20 miles N. W. from Boston, and 5
N. from Concord. Incorporated,
1805. Population, 1837, 596. It
is bounded S. E. by Concord river.
.This is a poor town, and its manu-
factures are very trifling.
Penobscot co. Population, 1837,
510. Growth of wheat, same year,
1,890 bushels. 71 miles from Au-'
gusta. See Sowadabscook Stream.
Carroll, ST. H.
A township in Coos county, ly-
ing at the base of the White Moun-
tains, on the N. W., having Jeffer-
son and Whitefield N., Whitefield
and Bethlehem W.,and the ungrant-
ed lands, and Nash and Sawyer’s
Location on the S. It was granted
Feb. 8, 1772, to Sir Thomas Went-
worth, Bart.,Rev. Samuel Langdon,
and 81 others. Its surface is un-
even, and its appearance dreary.—
Population, in 1830, 108.
Franklin co. Incorporated, 1826.
Population, 1837, 455. 46 miles
from Augusta, and 73 from Port-
land. See Barnard, .Me.
Plymouth co. Set off from Ply-
mouth in 1790. Population, 1837,
990. 38 miles S. E. from Boston,
and 8 S. W. by S. from Plymouth.
There are a number of pleasant
ponds in this town. The soil is not
very productive. The manufac-
tures of Carver consist of iron cast-
ings, boots, shoes, boxes, and wil-
low baskets) annual amount about
Casco Bay, Me.
This is one of the finest bays on
the American coast. Its western
boundary is Cape Elizabeth; its
eastern, Cape Small Point. The
distance between those capes is
about 20 miles. Its indentation does
not exceed 15 miles. Within it are
some of the best harbors in the
world. It is said that Casco bay
contains as many islands as there
are days in the year; however that
may be, we know that they are
very numerous, some very large,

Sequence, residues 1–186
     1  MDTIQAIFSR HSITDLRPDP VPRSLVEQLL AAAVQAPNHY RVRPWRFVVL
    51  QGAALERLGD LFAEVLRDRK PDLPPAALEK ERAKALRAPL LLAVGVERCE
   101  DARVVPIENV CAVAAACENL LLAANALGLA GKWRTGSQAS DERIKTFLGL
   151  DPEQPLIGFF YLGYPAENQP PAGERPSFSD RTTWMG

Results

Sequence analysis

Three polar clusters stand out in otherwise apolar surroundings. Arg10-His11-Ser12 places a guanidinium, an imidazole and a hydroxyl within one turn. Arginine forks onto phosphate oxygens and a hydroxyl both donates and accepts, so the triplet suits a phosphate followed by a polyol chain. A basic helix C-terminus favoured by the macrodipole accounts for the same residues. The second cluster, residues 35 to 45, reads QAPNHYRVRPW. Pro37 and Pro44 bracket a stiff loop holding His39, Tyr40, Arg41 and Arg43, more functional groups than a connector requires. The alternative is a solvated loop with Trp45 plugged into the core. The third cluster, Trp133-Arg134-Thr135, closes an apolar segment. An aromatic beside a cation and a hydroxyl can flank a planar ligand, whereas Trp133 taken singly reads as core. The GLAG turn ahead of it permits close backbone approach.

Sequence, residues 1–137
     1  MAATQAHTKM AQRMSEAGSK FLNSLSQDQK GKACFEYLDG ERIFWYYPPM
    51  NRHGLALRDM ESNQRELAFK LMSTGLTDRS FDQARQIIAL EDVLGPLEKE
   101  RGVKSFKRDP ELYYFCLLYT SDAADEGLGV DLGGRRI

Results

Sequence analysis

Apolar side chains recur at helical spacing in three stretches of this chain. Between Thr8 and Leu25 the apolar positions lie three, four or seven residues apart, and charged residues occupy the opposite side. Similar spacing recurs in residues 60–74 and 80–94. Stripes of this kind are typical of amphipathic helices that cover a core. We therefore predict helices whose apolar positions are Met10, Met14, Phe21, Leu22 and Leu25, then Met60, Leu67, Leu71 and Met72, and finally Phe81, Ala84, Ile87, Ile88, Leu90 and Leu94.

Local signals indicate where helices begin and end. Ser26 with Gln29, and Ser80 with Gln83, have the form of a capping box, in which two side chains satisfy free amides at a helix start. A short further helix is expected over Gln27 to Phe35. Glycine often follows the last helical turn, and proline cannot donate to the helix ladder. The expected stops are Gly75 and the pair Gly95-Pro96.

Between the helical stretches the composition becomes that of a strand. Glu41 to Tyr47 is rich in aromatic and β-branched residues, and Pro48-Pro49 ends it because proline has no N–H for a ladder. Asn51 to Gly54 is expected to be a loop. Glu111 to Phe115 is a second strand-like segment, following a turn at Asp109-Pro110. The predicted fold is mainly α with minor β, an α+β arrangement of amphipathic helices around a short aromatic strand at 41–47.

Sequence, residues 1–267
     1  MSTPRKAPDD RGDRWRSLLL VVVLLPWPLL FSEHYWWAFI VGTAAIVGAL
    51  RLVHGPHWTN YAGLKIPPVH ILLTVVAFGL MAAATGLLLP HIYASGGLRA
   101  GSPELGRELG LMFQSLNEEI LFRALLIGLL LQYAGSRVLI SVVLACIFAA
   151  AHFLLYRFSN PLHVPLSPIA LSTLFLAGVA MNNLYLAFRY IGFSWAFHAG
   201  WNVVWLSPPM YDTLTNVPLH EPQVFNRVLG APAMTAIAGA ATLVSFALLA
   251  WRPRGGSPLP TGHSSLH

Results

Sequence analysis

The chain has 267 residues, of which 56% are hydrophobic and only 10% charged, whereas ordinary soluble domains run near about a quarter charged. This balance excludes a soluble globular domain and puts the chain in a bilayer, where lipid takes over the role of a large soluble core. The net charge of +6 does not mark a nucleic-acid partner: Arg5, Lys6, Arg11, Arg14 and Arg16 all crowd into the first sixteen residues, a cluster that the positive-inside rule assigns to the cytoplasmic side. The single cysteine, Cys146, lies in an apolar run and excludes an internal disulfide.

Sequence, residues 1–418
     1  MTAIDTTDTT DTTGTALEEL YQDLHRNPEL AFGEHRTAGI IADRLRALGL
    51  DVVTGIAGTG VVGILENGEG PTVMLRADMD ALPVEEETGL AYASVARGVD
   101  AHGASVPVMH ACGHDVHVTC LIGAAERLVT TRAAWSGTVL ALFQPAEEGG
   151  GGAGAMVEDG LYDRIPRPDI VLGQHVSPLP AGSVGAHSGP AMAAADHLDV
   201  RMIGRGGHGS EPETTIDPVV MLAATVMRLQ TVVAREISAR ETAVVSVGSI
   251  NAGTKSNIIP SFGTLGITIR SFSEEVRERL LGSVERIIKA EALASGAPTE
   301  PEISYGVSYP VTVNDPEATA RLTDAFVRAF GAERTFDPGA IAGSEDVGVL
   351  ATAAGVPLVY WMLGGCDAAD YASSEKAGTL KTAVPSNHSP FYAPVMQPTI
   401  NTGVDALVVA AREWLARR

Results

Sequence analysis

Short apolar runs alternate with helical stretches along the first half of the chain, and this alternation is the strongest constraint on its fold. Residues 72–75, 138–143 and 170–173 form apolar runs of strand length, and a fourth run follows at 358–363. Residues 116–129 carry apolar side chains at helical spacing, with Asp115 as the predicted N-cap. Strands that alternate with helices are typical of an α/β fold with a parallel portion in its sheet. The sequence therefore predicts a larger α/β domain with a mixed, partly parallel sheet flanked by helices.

fertile, and well cultivated; and
that a survey of them from the high
grounds in Portland, Falmouth,
Cumberland, or Yarmouth, affords a
treat of island and ocean scenery
of transcendent beauty.
Hancock co. Castine derived its
name from a French baron of that
name, who resided here upwards of
twenty years after 1667. This
peninsula, jutting out into Belfast
bay, at the mouth of Penobscot
river, was formerly called “ Major
Biguyduce,” pronounced, Baga-
duce. Thd peninsula embraces
2,500 acres of land, and was first
settled by the English, in 1760.
The British occupied this place in
both of the wars with the U. S. It
was the shire, or chief town, of the
county from 17S9 to 183S, when
the courts were removed to Ells-
worth. Castine possesses an excel-
lent maritime position, but its trade
from the country is limited, being
cut off by the more inland towns.
Its trade, however, is considerable.
The lumber and coasting trade,
with the fisheries, give active em-
ployment to its people. 78 miles
E. from Augusta, and about 25 S.
W. from Ellsworth. Population,
1830, 1,155; 1837, 1,168.
Rutland, co. This is a flourish-
ing town, watered by a river of the
same name ; 11 miles W. from Rut-
land, 72 S. W. from Montpelier,
and 14 E. from Whitehall. Popu-
lation, 1830, 1,783. First settled,
1770. The surface of the town is
rough and hilly, but there is some
rich land. It feeds about 9,000
sheep. Mill streams abound in
Castleton, on which are a woolen